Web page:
‘We need to have a vision for the future beyond averting catastrophe. The most vital climate solution is our capacity to hold a vision of what’s possible – for our species, society, and world’
The dangers in the visionary approach are many. If Extinction Rebellion were to lay out a comprehensive plan for a future society in stirring words and images tomorrow, the backlash could be imminent. You can almost hear the hypothetical uproar from the Tory government, accusing them of disseminating communist/totalitarian/crypto-fascist propaganda or having turned into a weird and dangerous cult. Be that as it may, I suspect they might have to navigate that volatile path somewhere down the line. The thing is that apathy is a major problem in 2020. Some experts believe that this is down to the way that everything is framed in disaster. On a daily basis, we’re carpet-bombed with sensationalist, doom-laden images that more or less make positive change seem impossible. As Norwegian psychologist and economist Per Espen Stoknes points out, climate change is almost entirely framed as a looming disaster, making us deeply fearful and paralyzed. After the initial fear subsides it becomes a topic that our brain wants to avoid altogether. And because more than 80% of the media still use ‘disaster framings’ when communicating climate change, it’s gotten to a point where we all suffer from ‘apocalypse fatigue’ – as ludicrous as that might sound.
Considering that dynamic, what we need right now are better stories. Narratives and trajectories far removed from both totalitarian propaganda and cloying, wishy-washy bullshit of the neoliberal Obama variety. By no means will that be an easy feat. The ghosts of our ideological past loom large, and it will take inordinate amounts of otherworldly creativity and dogged, unflinching belief to overcome the manifold trappings of the present, some of which we’re probably not even aware of.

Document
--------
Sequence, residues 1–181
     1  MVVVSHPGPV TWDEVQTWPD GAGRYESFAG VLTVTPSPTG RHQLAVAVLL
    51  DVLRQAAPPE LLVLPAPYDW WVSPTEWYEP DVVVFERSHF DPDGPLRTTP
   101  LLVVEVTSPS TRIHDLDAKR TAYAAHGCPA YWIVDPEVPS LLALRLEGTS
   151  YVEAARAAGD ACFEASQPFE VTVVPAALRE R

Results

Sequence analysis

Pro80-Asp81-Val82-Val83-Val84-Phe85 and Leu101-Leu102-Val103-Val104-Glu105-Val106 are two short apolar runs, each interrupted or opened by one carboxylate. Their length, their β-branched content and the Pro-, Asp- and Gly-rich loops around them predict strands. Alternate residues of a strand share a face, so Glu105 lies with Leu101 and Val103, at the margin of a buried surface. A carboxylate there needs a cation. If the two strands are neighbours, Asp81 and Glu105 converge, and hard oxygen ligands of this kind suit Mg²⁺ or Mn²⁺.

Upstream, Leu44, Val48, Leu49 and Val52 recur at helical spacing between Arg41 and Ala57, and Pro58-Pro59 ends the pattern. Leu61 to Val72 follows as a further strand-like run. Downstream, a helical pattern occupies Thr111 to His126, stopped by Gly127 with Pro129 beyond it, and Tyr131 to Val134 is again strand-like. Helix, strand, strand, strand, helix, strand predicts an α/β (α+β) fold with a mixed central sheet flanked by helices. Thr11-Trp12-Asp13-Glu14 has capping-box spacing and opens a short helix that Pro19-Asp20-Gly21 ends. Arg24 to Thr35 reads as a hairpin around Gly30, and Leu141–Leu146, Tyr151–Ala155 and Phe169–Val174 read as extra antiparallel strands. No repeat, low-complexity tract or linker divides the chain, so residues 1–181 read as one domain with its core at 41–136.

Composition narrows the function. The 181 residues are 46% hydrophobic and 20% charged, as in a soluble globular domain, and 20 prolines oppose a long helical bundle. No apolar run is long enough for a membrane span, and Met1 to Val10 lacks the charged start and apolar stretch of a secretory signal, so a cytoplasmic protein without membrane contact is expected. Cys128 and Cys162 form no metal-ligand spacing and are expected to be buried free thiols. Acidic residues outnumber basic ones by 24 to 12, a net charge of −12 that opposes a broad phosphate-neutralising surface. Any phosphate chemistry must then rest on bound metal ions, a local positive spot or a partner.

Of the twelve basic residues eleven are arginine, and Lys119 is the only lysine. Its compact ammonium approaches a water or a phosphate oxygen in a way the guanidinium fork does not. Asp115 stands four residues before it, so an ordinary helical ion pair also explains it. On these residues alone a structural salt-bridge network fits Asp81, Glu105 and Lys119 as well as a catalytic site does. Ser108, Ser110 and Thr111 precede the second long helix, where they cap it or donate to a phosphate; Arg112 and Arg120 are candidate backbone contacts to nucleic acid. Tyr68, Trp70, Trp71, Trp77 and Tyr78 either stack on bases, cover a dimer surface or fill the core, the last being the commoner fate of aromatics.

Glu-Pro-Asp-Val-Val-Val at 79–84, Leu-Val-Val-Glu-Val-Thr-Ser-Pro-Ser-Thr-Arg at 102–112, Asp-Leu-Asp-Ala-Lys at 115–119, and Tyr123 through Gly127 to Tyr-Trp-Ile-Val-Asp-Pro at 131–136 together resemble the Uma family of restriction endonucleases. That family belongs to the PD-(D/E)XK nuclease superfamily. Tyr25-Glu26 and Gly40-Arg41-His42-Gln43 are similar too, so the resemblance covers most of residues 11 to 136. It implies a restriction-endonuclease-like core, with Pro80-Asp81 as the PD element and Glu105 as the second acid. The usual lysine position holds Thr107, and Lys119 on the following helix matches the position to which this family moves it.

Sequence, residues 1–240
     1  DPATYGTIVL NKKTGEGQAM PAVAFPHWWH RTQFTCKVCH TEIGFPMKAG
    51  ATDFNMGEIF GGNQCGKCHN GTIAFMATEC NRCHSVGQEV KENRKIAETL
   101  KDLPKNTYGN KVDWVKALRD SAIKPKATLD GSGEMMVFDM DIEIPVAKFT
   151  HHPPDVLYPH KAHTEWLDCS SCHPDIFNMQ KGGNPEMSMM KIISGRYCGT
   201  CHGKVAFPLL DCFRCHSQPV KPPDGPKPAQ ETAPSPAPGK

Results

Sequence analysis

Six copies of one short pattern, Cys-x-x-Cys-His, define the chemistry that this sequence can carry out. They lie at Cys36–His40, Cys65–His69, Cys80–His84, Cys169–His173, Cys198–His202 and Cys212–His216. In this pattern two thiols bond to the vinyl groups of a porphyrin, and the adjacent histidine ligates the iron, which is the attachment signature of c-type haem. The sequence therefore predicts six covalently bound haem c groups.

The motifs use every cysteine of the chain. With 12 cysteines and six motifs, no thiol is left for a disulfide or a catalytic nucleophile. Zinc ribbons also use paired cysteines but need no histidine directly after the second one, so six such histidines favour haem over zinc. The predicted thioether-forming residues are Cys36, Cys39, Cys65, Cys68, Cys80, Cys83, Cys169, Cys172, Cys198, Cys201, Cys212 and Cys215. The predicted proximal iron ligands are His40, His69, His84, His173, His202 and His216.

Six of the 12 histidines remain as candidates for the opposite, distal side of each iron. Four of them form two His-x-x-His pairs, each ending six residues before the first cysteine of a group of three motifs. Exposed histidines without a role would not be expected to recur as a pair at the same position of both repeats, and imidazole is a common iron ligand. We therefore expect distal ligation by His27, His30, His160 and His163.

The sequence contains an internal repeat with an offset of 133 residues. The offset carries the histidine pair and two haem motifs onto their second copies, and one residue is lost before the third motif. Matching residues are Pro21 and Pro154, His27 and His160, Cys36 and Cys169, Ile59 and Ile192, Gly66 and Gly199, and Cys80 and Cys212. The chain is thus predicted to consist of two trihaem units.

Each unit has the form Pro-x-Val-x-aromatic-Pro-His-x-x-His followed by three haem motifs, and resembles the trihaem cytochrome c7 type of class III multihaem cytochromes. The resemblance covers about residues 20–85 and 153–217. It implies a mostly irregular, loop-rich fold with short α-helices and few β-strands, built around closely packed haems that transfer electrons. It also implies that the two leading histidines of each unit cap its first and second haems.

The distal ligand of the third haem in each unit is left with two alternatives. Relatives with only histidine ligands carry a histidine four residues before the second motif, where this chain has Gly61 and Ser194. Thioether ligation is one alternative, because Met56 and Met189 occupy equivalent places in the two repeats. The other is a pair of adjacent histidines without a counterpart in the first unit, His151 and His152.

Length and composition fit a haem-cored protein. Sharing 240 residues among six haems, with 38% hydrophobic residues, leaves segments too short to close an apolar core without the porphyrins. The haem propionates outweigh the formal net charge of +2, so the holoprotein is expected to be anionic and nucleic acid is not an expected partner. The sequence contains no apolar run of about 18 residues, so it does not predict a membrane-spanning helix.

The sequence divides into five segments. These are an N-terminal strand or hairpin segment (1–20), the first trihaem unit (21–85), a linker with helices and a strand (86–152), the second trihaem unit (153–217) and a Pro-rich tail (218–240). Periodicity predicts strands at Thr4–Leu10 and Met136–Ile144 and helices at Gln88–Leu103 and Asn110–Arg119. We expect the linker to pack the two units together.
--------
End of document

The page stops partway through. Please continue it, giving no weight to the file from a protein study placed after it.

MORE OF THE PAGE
Buy it for everyone
But that was a self-indulgent little stray off-topic. The main event here is ‘This Is Not A Drill – An Extinction Rebellion Handbook’, an essential collection of essays echoing the contemporary zeitgeist.
There’s a lot to get into in this incendiary, mind-altering book. My review barely scratches the surface of this potent trove of ideas and opinions. Anyone wanting to read more will have to acquire it for themselves. I can say without any kind of hesitation and pussy-footing around that it’s a veritable must-read for people who care about things. It comes with my warmest recommendations – I’m guessing you still have books in 2120.
If you’re reading this in 2020 I suggest you get it for yourself, your friends, your mom and anyone else who might be swayed into taking action for a better planet. If you’re reading this in the future, I’m hoping that our present state of anxiety and desperation will have been consigned to the dustbin of history. That the Australian outback has been restored to a fertile wonderland abound with merry kangaroos skipping joyfully across the lush, undisturbed plains and cheerful koalas frolicking with giddy delight in in the swaying eucalyptus trees. Ultimately, my optimistic hope is that the pessimistic scenarios outlined in the first chapter of the Extinction Rebellion Handbook will seem like the melodramatic histrionics of a bygone era when the world worked itself into an international tizzy because of our transgenerational, human inclination for being obsessed with the end of the world.
This Is Not A Drill: An Extinction Rebellion Handbook is out now on Penguin.